>>>> Hi James,
>>>> This is an interesting approach, thanks for taking a shot at solving
>>>> this problem!
>>>> I thought of doing something similar a few months ago. The problematic
>>>> aspect here is the assumption of having a provider/substrate already
>>>> present for MAAS to be deployed - this is the chicken or the egg type of
>>>> problem.
>>>> If you would like to take the MAAS charm route, manual provider could
>>>> be used with Juju to do that with pre-created hosts (which may be
>>>> containers/VMs/hosts all in a single model with this provider, regardless
>>>> of how they were deployed). There would be hosts for a Juju controller(s)
>>>> and MAAS region/rack controllers in the end.
>>>> If you put both Juju controller and MAAS into containers, it gives you
>>>> some flexibility. If you are careful, you can even migrate those
>>>> containers. Running MAAS in an unprivileged container should be perfectly
>>>> possible https://github.com/CanonicalLtd/maas-docs/issues/700 - I am
>>>> not sure that the instructions that require a privileged container with
>>>> loop devices passed to it are relevant anymore.
>>>> An alternative is to use the lxd provider (which can connect to a
>>>> remote daemon, not only localhost) but this is only one daemon per
>>>> provider. For HA purposes you would need several LXDs on different hosts
>>>> and for this provider to support network spaces because you may have MAAS
>>>> hosts located in different layer 2 networks with different subnets used.
>>>> Cross-model relations could be used to have a model per LXD provider but I
>>>> am not sure this is the best approach - units would be on different models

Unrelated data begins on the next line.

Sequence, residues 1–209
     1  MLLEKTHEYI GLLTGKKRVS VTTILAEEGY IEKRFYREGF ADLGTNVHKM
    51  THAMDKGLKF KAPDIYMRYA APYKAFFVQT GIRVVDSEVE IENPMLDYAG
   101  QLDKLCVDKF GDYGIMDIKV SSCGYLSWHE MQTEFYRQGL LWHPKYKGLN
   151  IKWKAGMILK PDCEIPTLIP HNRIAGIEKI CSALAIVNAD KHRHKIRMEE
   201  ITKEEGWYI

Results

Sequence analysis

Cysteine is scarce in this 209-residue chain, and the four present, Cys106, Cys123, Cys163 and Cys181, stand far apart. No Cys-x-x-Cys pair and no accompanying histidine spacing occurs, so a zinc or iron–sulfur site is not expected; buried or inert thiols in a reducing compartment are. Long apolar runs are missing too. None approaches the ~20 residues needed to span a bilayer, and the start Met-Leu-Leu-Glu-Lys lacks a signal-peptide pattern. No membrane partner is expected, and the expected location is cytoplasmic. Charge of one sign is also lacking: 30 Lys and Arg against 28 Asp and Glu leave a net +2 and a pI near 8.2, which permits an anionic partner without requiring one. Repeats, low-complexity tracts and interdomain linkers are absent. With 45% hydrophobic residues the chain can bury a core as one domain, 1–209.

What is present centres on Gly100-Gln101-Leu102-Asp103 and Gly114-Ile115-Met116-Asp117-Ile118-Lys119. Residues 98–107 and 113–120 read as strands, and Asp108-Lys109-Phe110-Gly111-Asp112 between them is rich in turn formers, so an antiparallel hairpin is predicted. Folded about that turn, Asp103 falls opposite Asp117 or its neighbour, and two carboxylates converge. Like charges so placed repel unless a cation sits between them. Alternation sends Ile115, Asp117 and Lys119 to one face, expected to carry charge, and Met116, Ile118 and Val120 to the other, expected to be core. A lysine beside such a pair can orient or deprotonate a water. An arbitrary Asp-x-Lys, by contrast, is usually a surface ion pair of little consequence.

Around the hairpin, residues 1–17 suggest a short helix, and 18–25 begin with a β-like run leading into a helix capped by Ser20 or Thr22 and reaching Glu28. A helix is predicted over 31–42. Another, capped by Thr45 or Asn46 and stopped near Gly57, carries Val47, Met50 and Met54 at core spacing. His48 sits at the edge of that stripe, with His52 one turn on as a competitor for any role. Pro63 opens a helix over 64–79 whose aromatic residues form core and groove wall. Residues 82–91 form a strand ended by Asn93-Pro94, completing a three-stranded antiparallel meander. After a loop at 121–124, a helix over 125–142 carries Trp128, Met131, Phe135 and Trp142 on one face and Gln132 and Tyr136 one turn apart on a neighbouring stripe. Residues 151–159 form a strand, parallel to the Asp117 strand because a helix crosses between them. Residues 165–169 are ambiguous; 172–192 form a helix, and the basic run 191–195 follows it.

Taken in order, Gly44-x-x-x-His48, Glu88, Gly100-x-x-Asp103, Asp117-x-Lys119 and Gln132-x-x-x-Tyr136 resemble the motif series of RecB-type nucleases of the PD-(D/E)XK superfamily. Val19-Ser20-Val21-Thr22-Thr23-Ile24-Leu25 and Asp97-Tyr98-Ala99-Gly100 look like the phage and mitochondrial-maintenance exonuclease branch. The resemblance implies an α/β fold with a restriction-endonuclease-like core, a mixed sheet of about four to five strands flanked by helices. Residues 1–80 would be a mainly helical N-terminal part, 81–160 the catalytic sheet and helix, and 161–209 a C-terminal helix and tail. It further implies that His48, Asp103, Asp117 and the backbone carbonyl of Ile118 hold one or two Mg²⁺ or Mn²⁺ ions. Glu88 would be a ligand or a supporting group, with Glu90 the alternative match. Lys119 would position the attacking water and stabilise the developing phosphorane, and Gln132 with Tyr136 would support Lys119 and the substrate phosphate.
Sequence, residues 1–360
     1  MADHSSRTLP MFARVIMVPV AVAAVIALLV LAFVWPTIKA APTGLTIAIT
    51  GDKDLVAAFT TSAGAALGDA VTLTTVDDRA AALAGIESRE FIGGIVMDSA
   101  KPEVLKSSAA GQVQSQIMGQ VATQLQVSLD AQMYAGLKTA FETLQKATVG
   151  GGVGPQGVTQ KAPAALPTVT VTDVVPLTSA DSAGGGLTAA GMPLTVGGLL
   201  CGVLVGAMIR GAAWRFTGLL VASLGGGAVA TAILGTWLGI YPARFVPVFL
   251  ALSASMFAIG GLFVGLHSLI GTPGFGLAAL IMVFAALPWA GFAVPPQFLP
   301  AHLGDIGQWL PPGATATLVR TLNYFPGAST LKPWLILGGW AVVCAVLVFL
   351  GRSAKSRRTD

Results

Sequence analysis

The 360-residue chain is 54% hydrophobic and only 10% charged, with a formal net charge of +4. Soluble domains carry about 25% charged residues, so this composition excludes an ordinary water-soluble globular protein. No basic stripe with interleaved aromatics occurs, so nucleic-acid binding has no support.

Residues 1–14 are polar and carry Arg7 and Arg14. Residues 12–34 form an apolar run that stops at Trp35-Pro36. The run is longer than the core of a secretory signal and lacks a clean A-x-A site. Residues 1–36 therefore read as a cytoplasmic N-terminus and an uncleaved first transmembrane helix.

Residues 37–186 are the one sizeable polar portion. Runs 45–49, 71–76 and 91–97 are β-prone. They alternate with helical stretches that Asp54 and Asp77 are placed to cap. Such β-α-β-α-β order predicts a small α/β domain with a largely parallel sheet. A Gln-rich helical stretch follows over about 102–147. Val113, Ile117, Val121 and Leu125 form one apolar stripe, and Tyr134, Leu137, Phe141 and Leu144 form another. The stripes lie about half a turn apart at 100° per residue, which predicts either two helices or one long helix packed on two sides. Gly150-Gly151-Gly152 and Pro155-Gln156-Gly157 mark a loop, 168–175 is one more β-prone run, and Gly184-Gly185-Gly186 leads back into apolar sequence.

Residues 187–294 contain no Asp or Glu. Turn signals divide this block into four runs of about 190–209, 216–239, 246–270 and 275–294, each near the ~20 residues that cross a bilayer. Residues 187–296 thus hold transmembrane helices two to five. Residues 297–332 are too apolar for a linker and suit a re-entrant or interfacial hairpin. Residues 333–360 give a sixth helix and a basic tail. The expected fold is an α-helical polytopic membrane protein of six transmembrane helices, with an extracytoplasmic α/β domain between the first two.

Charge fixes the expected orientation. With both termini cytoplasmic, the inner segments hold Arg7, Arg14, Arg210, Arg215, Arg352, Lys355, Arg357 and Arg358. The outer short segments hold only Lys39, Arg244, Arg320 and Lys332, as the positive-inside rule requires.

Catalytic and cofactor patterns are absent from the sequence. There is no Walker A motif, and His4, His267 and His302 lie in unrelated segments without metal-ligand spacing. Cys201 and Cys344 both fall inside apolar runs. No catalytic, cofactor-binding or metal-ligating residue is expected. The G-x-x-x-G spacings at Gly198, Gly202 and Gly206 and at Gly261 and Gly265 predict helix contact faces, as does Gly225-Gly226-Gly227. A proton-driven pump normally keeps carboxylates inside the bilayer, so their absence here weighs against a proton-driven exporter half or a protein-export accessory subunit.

>>>> with no shared unit-level leadership.
>>>> https://github.com/juju/juju/tree/develop/provider/lxd
>>>> With the new LXD clustering work it might be possible overcome this
>>>> limitation as well. I would assume LXD clustering to work on a per-rack
>>>> basis due to latency constraints while with MAAS in a data center you would
>>>> surely place different region controllers and rack controllers on different
>>>> racks (availability zones).
>>>> https://insights.ubuntu.com/2017/10/23/lxd-weekly-status-20-
>>>> authentication-conferences-more/
>>>> "Distributed database for LXD clustering"
>>>> If, by the time of LXD clustering release, there was support for
>>>> availability zones it would have solved the problem with a single control
>>>> plane for a Juju provider in the absence of MAAS.
>>>> An alternative to the above is just usage of bootstrap automation to
>>>> set up MAAS and then usage of Juju with charms for the rest of what you
>>>> need.
>>>> Best Regards,
>>>> Dmitrii Shcherbakov
>>>> Field Software Engineer
>>>> IRC (freenode): Dmitrii-Sh
>>>> On Sun, Nov 26, 2017 at 4:14 AM, James Beedy <jamesbeedy at gmail.com>
>>>> wrote:
>>>>> Hello all,
>>>>> I've got an HA maas setup at the datacenter, I had some trouble
>>>>> getting the full HA bits super solid in the past, and thought it
>>>>> appropriate to try charming up the new 2.3 MAAS snaps to see if I could
>>>>> make my life a bit easier going forward.
>>>>> I just took a quick first swipe at this, so please excuse the lack of
>>>>> any tests.
>>>>> I'm hoping I can kill 2 birds with 1 stone here by a) possibly getting
>>>>> some feedback from @cory_fu on how I'm using the new Endpoints stuff
>>>>> landing soon in reactive (and disseminate that feedback so others will be
>>>>> in the know too), and b) possibly someone from @MAAS team might give me a
>>>>> nod if the steps I've taken here look to be moving in the right direction?
>>>>> # Interface and layer
>>>>> interface-maas: https://github.com/jamesbeedy/interface-maas
>>>>> layer-maas: https://github.com/jamesbeedy/layer-maas
>>>>> # MAAS charm
>>>>> charmstore: https://jujucharms.com/u/jamesbeedy/maas/8
>>>>> # Sample bundle
>>>>> sample bundle: http://paste.ubuntu.com/26046016/ - (only for
>>>>> reference, this won't actually deploy)
>>>>> # juju status
>>>>> `juju status`: http://paste.ubuntu.com/26045880/
>>>>> Thanks,
>>>>> James